An investigation will involve:
- getting all pertinent information from the complainant
- informing the respondent of the details of the complaint and getting their response
- interviewing any witnesses
- providing the complainant and the respondent with enough information about the allegations and responses of the other party or of witnesses to allow them to respond
- determining whether, on a balance of probabilities, the harassment occurred
- recommending appropriate remedies and penalties.
To preserve the integrity of the reporting process and to avoid further tension and conflict within the group where the harassment occurred, all parties will be informed that they must not speak with anyone, even those also involved in the complaint, about the complaint. To preserve the integrity of the complaint process, everyone involved is required to cooperate with the investigation and maintain the confidential nature of the complaint.
Before a final report is given, the investigator will give copies of a draft report to the complainant and respondent so they can comment on the accuracy and completeness of the facts. The draft report shall not be shared with anyone other than support persons, if any are involved. The investigator will revise any questions of accuracy before finalizing the report.
The investigator will bring the report back to the full Anti-Harassment Committee. One member will abstain from the process in order to be able to respond to a complaint about the process with a level of distance from the conversation. The complainant and the responder will be informed of any action being taken on the report within 30 days of the Committee receiving it.
The rest of the Anti-Harassment Committee, without the investigator or the abstaining member, will make a decision about what action, if any, should be taken. In the case of substantiated complaints, where they are reasonably sure that the harassment did occur as reported, the Committee will decide remedies for the victim and sanctions for the harasser.
Depending on the nature and severity of the harassment, the remedies for a person who
has been harassed may include:
- an oral or written apology from the respondent
- restoring lost wages
- a job or promotion that was denied
- compensation for any lost employment benefits, such as sick leave
- compensation for hurt feelings
- a transfer or a reversal of a transfer, if desired. If one of the two people needs to be transferred, it will be the harasser by default
Depending on the nature and severity of the harassment, sanctions for harassers may
include any of:
- written reprimand
- suspension, with or without pay
- transfer, if it is not reasonable for the people involved to continue working together
Harassers may also be obliged to attend an anti-harassment training session. Considering
issues of confidentiality, reasonable efforts will be made to support re-integration and
recovery for the team.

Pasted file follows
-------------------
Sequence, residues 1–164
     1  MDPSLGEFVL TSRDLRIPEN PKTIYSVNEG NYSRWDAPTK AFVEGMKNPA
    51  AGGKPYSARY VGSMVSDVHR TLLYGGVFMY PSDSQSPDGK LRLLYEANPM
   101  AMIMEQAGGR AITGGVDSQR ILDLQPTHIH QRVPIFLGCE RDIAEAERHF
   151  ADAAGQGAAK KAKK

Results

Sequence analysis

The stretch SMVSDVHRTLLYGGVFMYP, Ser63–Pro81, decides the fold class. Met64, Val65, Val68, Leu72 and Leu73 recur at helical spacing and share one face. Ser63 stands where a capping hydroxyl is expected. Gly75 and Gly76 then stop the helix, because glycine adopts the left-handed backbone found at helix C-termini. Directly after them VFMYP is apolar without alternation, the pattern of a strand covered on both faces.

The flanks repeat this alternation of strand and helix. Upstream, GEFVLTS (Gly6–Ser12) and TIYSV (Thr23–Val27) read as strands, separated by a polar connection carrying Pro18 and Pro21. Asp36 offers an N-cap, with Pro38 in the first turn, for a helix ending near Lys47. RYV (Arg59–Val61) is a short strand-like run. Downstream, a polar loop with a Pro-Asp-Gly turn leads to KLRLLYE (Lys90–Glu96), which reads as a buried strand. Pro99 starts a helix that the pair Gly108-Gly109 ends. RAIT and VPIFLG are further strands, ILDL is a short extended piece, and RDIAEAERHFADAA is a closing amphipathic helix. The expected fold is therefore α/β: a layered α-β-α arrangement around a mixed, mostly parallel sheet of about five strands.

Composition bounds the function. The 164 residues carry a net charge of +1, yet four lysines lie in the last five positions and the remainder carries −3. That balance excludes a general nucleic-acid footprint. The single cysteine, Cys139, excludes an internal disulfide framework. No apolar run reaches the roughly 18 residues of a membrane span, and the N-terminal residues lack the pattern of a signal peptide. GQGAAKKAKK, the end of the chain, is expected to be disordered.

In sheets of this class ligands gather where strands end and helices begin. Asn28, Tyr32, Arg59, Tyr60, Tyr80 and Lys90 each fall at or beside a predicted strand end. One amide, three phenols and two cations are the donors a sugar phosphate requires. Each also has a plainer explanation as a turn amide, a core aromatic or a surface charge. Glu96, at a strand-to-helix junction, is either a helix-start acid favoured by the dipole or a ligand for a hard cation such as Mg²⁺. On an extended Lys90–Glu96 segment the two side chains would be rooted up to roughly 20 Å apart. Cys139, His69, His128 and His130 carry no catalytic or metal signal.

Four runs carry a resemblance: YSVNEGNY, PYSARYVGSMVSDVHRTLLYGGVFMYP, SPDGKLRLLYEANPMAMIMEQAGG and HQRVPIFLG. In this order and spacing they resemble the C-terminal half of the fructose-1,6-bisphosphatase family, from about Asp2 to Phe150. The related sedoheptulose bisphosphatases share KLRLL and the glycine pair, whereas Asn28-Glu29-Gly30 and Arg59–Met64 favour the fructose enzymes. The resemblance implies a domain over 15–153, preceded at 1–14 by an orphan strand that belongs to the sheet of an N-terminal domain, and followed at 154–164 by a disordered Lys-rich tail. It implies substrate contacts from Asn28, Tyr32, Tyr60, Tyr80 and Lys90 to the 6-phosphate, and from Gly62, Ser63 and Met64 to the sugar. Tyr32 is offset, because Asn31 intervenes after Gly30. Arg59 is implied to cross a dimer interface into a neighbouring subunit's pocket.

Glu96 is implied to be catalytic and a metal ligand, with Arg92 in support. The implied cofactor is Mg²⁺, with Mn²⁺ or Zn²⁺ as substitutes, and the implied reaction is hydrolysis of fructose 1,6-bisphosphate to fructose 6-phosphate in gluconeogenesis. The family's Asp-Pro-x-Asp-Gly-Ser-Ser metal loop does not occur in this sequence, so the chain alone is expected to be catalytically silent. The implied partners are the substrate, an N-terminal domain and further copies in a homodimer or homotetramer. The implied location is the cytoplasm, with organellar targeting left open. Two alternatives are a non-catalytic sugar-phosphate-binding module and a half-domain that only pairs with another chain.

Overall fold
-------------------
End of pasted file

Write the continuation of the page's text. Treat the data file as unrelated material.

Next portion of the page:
Responsibility for making sure that sanctions are carried out will be dependent on the nature of of the sanction. For example, if the person’s pay is being suspended, the Grand Aspirations Accountant will be responsible for stopping payments. If someone is being removed from their position at a national level, the Advisory Council may need to be involved. However, the Anti-Harassment Committee is ultimately accountable for making sure sanctions are carried out.
If there is not enough evidence to support an allegation of harassment, the investigator can not recommend any penalties or remedies. However, the Anti-Harassment Committee will work with the complainant to understand what they are feeling and going through. Even if harassment is not proven, the feelings of everyone involved (complainant and accused) will be taken seriously.
Complaints made in bad faith
In the rare event that the complaint was made in bad faith, that is made deliberately and maliciously filed knowing it had absolutely no basis, the complainant will be subject to the same possible penalties as a harasser. The person unjustly accused of harassment will have their reputation restored, and will be given the benefit of any necessary remedies that would be given in a case of harassment.
Anyone who retaliates in any way against a person who has been involved in a harassment complaint will be subject to the same possible penalties as a harasser.
Appeals to the decision of the Anti-Harassment Committee are accepted on the basis of procedural errors, bias on the part of a member of the Committee, new information that was not previously available, or claims that the decision was arbitrary or not fully reviewed. Appeals will be heard by the member of the Committee who abstained at the earlier phase of the process. Appeal decisions are final.
Recourse for changing the policy
This policy is being put into effect for the summer of 2011. There will be a process to amend and update it during the 2011-2012 year. Everyone in the organization will be invited to give feedback about the policy and their awareness of it, which will give the Anti-Harassment Committee information both about the policy itself and how widely it has been shared. These responses may be given anonymously, although anyone who is interested in joining the process or giving further feedback will be welcome to do so.
Based on the Macalester College anti-harassment policy and procedure: http://www.macalester.edu/mchc/harrassment%20policy%20and%20procedure.pdf
and the Sistering Anti-Oppression plan: